Using jQuery, is there a way to retrigger the document.ready trigger at some point after a page has loaded?

Update: jQuery sheds them once they are run. In my experiments it looks like jQuery will run a ().ready callback as soon as it is encountered once the initial ready event is triggered.

  • This worked for me for jQuery version 1.2.6. jQuery.isReady = false; jQuery.ready();
    – retromuz
    Dec 8, 2016 at 5:40

10 Answers 10


If you just need to make sure that new initialization functions get run, you don't need to do anything. When you add a new event handler in $().ready, after the document finishes loading, it will run immediately.

Apparently, calling $().trigger("ready") directly doesn't work because jQuery resets the ready event handlers after it runs them. You will need to keep track of the functions you need to call, and call them directly as below.

Of course, it might be better to just call the function directly, so you don't re-run something you didn't intend to (some plugins might have their own $().ready() functions that they don't expect to run twice).


// later:
  • So, I suppose it is not possible to get the list of all ready functions neither?
    – Qwerty
    Jun 15, 2014 at 19:26

You can do something like this:

$(document).on('ready readyAgain', function() {
    // do stuff

// At some other point in time, just trigger readyAgain


$(document).on('ready') has been deprecated in jQuery 1.8 according to documentation. An alternative method is as follows:

function myReadyFunction(){}

// at some other point, just call your function whenever needed:

What if you tried building a module execution controller right into the ready function? Kind of like this:


  • This was exactly what I needed. I have a single page app where the body of the page changes depending on the currently selected tab. Clicking on a new tab loads different content (html and javascript with a DataTables table). The other solutions on this page didn't help.
    – Exit42
    Jul 7, 2015 at 5:07

Aaron - what would you be trying to accomplish, reinitializing variables?

Edited... The beauty of jQuery in my opinion is the call back functions. Why not just have some action/function executed after the event.


In some cases you need to add more code (scripts) in another places of the code, so creating a function limit you to write all the code in the same area. This why I prefer to add my custom events, and then trigger them:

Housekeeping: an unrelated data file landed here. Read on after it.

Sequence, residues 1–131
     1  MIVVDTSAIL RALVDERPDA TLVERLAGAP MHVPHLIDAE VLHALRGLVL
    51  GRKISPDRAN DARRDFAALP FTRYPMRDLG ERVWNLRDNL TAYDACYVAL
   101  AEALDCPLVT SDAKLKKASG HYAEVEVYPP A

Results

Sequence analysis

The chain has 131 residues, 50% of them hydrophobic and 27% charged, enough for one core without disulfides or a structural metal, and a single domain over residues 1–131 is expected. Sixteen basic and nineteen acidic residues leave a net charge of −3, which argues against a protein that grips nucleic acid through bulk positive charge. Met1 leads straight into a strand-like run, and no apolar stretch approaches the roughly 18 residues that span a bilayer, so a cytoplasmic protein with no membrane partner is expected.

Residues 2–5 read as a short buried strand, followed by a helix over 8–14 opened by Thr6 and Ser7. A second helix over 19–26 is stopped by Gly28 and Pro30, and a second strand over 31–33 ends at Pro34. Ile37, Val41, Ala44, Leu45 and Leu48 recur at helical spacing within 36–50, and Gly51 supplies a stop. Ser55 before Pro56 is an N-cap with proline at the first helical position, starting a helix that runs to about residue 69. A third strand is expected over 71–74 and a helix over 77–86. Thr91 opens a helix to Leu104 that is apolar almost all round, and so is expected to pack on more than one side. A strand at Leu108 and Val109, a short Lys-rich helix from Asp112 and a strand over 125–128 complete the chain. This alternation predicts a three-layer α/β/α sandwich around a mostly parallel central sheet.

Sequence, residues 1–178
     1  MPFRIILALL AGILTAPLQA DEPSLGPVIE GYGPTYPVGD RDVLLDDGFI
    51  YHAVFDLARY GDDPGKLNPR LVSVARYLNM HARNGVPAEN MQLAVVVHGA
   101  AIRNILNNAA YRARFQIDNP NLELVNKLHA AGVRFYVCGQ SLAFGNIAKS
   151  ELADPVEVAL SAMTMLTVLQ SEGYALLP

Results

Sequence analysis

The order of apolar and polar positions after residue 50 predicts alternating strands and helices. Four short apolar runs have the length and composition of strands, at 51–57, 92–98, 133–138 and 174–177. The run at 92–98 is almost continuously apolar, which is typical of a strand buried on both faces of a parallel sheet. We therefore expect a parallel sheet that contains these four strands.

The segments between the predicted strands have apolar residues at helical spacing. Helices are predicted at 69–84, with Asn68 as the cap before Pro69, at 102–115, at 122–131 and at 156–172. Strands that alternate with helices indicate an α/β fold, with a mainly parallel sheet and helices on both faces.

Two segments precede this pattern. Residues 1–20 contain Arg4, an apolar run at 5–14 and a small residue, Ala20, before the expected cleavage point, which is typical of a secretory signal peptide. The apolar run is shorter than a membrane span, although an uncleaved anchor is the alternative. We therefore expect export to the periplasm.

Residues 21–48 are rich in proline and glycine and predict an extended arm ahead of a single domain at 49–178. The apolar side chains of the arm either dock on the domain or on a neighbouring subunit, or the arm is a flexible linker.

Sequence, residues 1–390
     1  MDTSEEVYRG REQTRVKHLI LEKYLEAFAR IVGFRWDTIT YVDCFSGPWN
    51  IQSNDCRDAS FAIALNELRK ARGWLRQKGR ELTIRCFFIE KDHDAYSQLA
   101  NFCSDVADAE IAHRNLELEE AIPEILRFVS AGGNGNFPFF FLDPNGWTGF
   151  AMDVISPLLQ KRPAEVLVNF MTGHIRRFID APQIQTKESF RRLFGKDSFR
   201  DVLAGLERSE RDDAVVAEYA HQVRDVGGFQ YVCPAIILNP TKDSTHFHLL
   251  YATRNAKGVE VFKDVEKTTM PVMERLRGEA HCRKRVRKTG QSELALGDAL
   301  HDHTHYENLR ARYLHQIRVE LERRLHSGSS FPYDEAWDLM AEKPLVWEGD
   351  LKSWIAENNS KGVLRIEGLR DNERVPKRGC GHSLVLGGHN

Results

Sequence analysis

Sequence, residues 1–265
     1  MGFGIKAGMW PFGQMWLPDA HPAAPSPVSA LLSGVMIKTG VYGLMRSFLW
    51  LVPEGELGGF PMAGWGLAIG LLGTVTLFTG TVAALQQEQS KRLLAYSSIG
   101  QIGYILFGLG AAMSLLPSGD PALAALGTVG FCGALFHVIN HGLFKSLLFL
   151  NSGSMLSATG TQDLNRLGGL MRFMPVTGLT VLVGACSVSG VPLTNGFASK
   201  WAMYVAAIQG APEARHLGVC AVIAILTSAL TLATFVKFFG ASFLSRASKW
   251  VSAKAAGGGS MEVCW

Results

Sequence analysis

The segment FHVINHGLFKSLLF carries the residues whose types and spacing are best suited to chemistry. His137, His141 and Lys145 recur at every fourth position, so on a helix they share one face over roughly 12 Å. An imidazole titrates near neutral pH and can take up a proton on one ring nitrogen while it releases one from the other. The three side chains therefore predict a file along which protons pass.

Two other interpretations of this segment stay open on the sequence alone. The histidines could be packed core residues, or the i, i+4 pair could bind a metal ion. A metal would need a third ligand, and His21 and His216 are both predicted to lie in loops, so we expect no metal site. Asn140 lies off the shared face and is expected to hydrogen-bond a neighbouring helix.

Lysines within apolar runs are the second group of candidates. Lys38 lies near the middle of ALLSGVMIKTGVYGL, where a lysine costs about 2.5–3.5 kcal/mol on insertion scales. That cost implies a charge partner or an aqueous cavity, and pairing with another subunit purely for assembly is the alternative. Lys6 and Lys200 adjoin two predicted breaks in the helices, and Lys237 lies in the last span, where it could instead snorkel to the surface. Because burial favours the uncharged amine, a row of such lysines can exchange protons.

//Add a page Ready custom event
$( document ).on( "page.ready", function( event ) {
    //Your Ready Scripts

//Add a page Load custom event
$( document ).on( "page.load", function( event ) {
    //Your Load Scripts

//Trigger Ready scripts on page ready
jQuery(function($) {
    $( document ).trigger( "page.ready" );

//Trigger Load scripts on page load
$(window).load(function () {
    $( document ).trigger( "page.load" );

//Trigger the Custom events manually
$( document ).trigger( "page.ready" );
$( document ).trigger( "page.load" );



I can see one scenario where this would be very useful, that is if you delay loading jQuery until everything else has loaded, then you dynamically append a new script element to load jQuery.

In this case, $(document).ready is not always triggered, since in many cases the document will have completely loaded before jQuery is done loading and has set up the right event handlers.

You could use named functions and call those instead, but it would still break any plugin that relies on $(document).ready.


If it helps you:

var document_on_ready = new Array();

function on_ready(){

var counter = 0;
   console.log('step1: ' + counter);

   console.log('step2: ' + counter);


Easy: you just need to disable the safety-flag jQuery.isReady. Set jQuery.isReady to false and use jQuery(document).trigger('ready') to re-trigger this event. That's quite useful for turbolinks-style navigation.


ASP.Net UpdatePanel partial page loads are another place where one might want to re-trigger loading functionality - not that $().ready is the right place to do that. In that case, you can either use page_load or the MS framework's endrequest event.


You should be able to with document.ready.apply();

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